Diabetes can lead to complications involving the feet, including peripheral neuropathic pain, diabetic foot ulcers, poor circulation, decreased sensation and increased callus formation. This can lead to skin breakdown and the formation of ulcers that can become infected and even lead to amputations. Proper diabetic foot care can decrease the risk of developing these complications. Read on to learn about the case of Chase L., who suffered from severe diabetes with complications involving both feet and who experienced significant pain relief through the application of the non-invasive deoxyhemoglobin vasodilator D’OXYVA
Chase was a 64-year-old male patient with a 7-year history of type 2 diabetes mellitus. He had high blood sugar levels for a 3-year period before his diagnosis, as well as a history of elevated cholesterol and triglycerides and high blood pressure. On laboratory testing, Chase had an A1C level of 8.3% (normal A1C levels are less than 5.7%) and a blood sugar reading of 186 (normal readings are 70-110).
On physical exam, Chase exhibited ingrown toenails, pallor of the feet, cyanosis of the toes and thick callus formation of the heels. In addition, he had decreased sensation over the dorsum of both feet and diminished pedal pulses bilaterally. After spending thousands of dollars on medications and trying various non-invasive treatments without relief, Chase experienced significant pain relief and a decrease in the cyanosis of his toes after 6 weeks of daily D’OXYVA applications and shared that he saved money by using D’OXYVA and beginning to wean off of other medications.
1 Check Your Feet Carefully Every Day for Diabetes Induced Changes
Diabetic patients must check their feet carefully every day to look for suspicious areas of skin breakdown, color changes, callus formation and skin infections. Areas that are especially vulnerable to skin breakdown include the big toe, the heel and the areas between the toes. Diabetics are extremely vulnerable to damage to the microcirculation (smallest blood vessels) of the feet. The application of transdermal vasodilators such as D’OXYVA can increase peripheral oxygenation to avoid further nerve damage and other diabetes induced changes while improving wound healing and avoiding amputations.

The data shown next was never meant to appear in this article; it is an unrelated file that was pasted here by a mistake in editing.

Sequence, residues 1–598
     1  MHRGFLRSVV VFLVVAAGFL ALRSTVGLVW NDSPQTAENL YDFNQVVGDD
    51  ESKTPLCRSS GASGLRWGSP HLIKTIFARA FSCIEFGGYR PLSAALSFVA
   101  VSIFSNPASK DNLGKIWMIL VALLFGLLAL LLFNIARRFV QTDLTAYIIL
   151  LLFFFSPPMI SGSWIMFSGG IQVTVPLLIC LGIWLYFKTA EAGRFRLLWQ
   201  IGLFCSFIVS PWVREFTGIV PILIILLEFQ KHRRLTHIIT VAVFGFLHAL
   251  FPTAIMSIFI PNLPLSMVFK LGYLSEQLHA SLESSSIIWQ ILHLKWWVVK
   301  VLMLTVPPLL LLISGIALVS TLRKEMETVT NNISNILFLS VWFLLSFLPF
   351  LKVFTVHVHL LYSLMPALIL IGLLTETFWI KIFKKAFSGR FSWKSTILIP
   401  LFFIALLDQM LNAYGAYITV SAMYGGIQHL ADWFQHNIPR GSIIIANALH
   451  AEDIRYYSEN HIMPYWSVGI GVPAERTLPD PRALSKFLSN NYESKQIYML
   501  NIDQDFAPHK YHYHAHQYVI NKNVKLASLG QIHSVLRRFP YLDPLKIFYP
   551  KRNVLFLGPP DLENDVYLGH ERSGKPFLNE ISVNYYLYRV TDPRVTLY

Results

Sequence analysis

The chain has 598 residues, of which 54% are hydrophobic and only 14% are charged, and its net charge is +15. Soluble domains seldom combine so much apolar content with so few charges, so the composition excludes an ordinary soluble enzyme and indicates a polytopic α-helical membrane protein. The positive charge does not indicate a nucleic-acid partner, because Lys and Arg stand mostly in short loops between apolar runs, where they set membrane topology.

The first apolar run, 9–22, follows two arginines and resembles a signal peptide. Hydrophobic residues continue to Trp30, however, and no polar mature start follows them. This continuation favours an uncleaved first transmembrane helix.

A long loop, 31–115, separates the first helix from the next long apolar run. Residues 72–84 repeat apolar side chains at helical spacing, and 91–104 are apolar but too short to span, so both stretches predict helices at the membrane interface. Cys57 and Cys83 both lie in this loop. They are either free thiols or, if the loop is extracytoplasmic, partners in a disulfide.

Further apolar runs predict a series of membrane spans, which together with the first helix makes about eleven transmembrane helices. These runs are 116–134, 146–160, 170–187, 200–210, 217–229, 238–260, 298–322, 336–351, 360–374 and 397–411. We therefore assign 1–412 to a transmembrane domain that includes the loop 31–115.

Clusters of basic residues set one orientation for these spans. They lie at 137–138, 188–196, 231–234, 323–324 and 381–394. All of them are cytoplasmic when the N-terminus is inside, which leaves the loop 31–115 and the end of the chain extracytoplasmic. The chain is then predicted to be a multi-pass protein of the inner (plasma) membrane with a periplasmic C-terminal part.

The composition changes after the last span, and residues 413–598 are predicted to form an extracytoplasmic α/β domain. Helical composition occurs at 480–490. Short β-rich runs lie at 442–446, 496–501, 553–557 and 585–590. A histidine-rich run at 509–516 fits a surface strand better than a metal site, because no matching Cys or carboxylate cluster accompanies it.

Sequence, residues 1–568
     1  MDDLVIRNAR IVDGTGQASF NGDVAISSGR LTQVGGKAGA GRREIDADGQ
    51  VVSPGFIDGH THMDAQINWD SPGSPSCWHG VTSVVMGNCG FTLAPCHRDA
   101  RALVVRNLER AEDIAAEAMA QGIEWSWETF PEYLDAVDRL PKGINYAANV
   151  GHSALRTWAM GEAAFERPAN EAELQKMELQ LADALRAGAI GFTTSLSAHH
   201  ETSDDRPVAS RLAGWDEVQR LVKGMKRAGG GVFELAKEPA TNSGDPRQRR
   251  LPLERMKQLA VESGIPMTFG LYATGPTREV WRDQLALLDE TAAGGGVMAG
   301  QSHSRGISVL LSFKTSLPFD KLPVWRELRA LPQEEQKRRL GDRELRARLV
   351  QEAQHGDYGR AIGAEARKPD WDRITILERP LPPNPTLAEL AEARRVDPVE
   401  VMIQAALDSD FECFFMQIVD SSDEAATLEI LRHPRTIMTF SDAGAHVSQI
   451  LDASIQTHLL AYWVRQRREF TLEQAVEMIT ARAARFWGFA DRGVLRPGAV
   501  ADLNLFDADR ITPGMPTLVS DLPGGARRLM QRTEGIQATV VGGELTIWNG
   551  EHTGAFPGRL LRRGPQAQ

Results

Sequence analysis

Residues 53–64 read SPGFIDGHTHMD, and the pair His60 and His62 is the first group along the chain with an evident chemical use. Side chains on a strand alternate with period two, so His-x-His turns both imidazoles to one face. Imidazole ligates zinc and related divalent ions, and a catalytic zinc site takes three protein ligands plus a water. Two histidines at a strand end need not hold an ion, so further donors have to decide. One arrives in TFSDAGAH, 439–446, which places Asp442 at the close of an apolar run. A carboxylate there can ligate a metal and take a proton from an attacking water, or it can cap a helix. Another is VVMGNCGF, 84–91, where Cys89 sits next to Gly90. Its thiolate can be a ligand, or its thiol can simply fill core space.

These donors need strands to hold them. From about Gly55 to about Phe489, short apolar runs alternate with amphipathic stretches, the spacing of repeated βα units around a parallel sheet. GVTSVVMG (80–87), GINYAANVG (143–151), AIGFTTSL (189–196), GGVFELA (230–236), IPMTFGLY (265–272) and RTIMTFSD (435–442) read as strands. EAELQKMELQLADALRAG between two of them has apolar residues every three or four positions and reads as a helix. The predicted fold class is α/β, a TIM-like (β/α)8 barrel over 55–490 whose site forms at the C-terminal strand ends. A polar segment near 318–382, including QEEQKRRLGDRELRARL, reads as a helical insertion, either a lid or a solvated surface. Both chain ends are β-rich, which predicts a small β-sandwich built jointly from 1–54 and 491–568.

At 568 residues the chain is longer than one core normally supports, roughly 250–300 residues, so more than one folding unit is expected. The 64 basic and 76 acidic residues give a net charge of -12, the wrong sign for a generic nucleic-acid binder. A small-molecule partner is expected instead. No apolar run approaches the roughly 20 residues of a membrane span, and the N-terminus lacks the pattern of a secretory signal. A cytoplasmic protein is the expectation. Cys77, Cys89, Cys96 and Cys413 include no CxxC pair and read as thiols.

2 Wear Properly Fitting Shoes
Shoes that are too tight can impair circulation. Care should be taken to ensure a proper fit so that circulation is adequate and there is no inordinate friction or rubbing.
3 Keep Your Feet Dry, Especially in the Winter
Excessive moisture caused by sweating of the feet can lead to increased bacteria growth, which can cause infections. Socks should be changed regularly in the winter especially, if they become wet.
4 Use Moisturizer on Your Feet After Bathing
The nerve damage and vascular changes to the feet caused by diabetes lead to dysfunction of the moisturizing glands and result in increased dryness, which can cause further skin breakdown. Applying a moisturizer to the feet (but not between the toes) after bathing can restore lost moisture and reduce dryness.
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HOW D’OXYVA CAN HELP?
D’OXYVA is the only fully noninvasive, completely painless over-the-skin microcirculatory and nerve stimulant solution that has been validated to significantly improve microcirculation.
The improvement of microcirculation, i.e., blood flow to the smallest blood vessels, benefits one’s health, immune system and overall sense of well-being in a variety of ways.